This is Part 4 of the series: 5 lessons from 150 startup pitches.
After seeing hundreds of startup pitches for this year’s Capital Factory program, I can tell you that the two most common errors in positioning a company against competition are, strangely, opposites:
- Claiming you have no competition.
- Defining your company’s offering and positioning by combining “the best” traits of 6 competitors.
This isn’t just a problem when pitching — it’s a problem with you defining who your customers are, what they want, and your role in the marketplace.
Let’s break down the ways these fallacies manifest and what you can do instead.
There is no competition
Here’s what this sounds like in the wild, and my reaction when I hear it:
- “I have no competitors.”
Either you’re ignorant of direct competition, or you’re not considering alternate solutions like “build it yourself.”
- “No one is doing it like we are.”
Of course you’re going to position your company with a unique offering: exclusive features, a distinctive culture, a refreshing pricing plan, an innovative sales strategy, etc.. But uniqueness doesn’t imply lack of competition!
- “There’s no competition because this is an industry that has never used software to solve this problem.”
I know that sounds like a good thing, but what this also implies is that you’ll have to convince computer-phobic people to trust software, and that’s a disadvantage. You’re competing against the status quo.
- “There’s no competition because people haven’t realized it’s a problem.”
If they don’t already know they have the pain, the sales process is going to be excruciating. There’s a word for that — evangelism — which conjures other words: Expensive, difficult, time-consuming.
If you’re tempted to argue that you’re the exception, here’s how to elucidate the advantages you’re seeing, but in a way that actually makes sense as a business strategy:
- We’ve carved out a niche specific enough that no one else is actively targeting it. There are similar competitors A, B, and C, but they’re not targeting this niche because of X, and would be hard for them to switch into this niche because of Y. In fact, it’s quite possible that we’d end up partnering with or being bought by A, B, or C exactly because our idea is similar but out of their reach.
- We’ve identified a market too small for the large, established players to address, but big enough to build a company. For example, because an 800-pound gorilla like Microsoft is so inefficient at building new software, it can’t go after a market unless there’s a billion dollars at stake. We think there’s a solid business to be made in this hundred-million-dollar market. However, whereas Microsoft can’t afford to build this from scratch, if we show good growth and profits it would be an obvious acquisition target for them.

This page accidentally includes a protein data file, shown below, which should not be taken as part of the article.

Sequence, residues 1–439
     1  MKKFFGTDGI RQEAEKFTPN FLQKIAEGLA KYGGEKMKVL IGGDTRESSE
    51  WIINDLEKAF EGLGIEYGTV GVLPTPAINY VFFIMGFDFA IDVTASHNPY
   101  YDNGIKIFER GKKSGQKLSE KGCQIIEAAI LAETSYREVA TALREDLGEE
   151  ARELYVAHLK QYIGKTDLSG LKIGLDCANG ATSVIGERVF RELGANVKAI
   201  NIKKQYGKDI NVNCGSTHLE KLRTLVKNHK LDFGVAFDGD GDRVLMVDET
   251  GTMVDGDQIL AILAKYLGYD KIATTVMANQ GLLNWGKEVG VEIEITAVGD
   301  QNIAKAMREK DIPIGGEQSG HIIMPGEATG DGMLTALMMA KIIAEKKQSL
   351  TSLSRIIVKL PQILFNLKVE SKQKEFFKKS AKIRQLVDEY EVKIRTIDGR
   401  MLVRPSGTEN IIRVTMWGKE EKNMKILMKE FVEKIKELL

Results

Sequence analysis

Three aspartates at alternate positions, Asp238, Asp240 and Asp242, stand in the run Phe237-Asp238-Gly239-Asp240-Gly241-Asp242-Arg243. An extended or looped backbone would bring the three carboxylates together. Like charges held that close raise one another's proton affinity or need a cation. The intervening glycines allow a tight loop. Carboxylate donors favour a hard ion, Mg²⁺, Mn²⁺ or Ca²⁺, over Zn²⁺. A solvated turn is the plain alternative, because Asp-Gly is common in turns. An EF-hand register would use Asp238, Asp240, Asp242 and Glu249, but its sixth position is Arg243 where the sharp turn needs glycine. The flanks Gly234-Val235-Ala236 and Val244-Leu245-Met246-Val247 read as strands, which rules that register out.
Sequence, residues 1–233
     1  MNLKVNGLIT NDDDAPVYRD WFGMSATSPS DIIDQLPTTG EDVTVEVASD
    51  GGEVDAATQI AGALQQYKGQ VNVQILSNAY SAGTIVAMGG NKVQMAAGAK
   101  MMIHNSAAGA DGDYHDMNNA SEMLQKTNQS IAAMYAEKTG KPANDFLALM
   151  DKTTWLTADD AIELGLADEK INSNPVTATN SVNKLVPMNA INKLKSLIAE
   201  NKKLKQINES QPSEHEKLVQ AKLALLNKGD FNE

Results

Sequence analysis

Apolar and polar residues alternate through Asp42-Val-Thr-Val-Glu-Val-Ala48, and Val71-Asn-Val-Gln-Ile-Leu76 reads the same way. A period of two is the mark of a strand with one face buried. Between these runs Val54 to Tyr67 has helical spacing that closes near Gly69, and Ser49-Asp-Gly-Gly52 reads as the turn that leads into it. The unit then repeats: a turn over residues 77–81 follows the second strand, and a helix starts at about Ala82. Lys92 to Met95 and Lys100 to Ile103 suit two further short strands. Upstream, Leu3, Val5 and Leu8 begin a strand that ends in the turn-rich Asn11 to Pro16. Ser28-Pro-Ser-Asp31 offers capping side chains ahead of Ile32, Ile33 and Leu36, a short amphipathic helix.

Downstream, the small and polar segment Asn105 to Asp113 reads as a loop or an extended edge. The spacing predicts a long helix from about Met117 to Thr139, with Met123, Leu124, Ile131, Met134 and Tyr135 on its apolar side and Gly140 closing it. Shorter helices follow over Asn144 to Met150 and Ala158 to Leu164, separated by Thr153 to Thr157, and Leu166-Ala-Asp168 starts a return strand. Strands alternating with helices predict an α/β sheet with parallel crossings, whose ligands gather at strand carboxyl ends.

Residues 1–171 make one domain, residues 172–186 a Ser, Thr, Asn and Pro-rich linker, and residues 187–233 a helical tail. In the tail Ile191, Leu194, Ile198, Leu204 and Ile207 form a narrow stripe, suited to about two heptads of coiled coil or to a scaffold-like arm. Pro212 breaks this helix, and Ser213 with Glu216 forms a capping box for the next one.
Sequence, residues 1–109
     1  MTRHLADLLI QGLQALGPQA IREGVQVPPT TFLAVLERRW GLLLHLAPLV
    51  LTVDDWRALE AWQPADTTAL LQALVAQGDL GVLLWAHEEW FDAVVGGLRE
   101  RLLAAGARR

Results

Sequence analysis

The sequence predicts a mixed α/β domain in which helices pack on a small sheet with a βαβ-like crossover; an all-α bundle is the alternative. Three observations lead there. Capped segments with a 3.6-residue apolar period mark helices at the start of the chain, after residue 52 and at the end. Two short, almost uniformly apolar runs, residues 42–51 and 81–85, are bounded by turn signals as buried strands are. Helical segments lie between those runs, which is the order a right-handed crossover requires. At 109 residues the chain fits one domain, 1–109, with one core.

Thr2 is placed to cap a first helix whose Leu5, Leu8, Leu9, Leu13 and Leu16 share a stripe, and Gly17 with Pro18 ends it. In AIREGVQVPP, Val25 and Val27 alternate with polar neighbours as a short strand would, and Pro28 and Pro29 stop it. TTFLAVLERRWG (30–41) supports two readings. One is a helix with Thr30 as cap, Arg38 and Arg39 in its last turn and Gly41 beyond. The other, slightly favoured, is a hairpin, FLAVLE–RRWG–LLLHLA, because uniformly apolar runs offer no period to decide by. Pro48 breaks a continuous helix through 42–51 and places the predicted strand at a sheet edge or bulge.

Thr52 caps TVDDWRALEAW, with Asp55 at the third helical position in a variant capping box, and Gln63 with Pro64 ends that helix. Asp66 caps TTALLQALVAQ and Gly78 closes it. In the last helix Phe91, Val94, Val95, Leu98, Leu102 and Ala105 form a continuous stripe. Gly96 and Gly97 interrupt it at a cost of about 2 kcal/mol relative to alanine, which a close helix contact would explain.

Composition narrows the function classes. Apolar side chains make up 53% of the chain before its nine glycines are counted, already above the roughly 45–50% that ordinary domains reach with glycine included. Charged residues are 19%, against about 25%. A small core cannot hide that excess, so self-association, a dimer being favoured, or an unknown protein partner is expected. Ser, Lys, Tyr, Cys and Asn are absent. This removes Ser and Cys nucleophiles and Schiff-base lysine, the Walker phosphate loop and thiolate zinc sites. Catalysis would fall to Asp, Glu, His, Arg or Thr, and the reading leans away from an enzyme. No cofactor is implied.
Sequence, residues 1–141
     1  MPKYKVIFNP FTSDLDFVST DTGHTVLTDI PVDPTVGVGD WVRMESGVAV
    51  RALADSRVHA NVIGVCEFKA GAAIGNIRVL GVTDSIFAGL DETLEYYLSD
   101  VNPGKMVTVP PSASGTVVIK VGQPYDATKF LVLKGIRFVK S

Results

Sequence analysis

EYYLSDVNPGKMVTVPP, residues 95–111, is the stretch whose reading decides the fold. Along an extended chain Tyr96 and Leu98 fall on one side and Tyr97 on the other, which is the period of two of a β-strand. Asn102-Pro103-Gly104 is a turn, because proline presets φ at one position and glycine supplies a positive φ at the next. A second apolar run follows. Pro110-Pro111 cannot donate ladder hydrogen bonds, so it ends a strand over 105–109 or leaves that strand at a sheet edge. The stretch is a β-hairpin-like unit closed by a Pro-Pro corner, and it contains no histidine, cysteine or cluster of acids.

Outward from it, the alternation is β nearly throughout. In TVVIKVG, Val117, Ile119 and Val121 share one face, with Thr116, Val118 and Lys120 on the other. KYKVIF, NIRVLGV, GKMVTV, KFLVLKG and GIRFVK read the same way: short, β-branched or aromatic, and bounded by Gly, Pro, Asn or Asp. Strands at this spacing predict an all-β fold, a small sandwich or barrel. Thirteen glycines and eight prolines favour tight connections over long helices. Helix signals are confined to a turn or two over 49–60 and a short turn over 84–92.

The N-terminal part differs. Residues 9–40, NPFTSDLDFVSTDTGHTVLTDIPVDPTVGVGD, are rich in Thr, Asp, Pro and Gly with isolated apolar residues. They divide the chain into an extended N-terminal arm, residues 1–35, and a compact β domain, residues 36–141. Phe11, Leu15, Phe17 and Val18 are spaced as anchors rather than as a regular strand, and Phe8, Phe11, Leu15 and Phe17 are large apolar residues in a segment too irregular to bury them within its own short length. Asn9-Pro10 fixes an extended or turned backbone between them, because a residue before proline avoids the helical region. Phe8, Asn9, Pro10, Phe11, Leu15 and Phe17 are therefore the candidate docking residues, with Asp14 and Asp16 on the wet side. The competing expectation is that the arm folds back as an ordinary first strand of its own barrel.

- We’ve created technology so different from the incumbents that we’re changing the conversation about how people solve this pain. Though it’s different, our solution is very easy to describe and to use. (Example: Netflix)
- Our target customer has traditionally solved this pain themselves or just lived with the pain rather than paying for relief. However, a combination of newly-available technology and modern mindset makes this the right time for a new software play.For example, my company Smart Bear created the first commercial peer code review tool. Before us, there was no software competition but there were plenty of alternative processes — looking over someone’s shoulder, sending emails with diffs, code review meetings, even “Formal Inspections.” By tackling a few specific annoyances with peer code review and leveraging newer technology (like the advent of ubiquitous version control), we completely changed what a “code review” could be.
- It’s true that this industry hasn’t yet seen a software solution, but that’s not because they hate computers, but rather that it hasn’t been possible to address that market with software. Now it is because (pick one):
- We’ve built an improbable team that spans geeks and industry insiders.
- New hardware/networks have just appeared which makes this possible.
- New attitudes towards the Internet (e.g. ubiquity of Facebook even among traditional technophobes) enables new workflows.
- This industry is commoditized so giving a player the slightest edge is a big deal.
- This industry is just now starting to show tangible signs of embracing technology.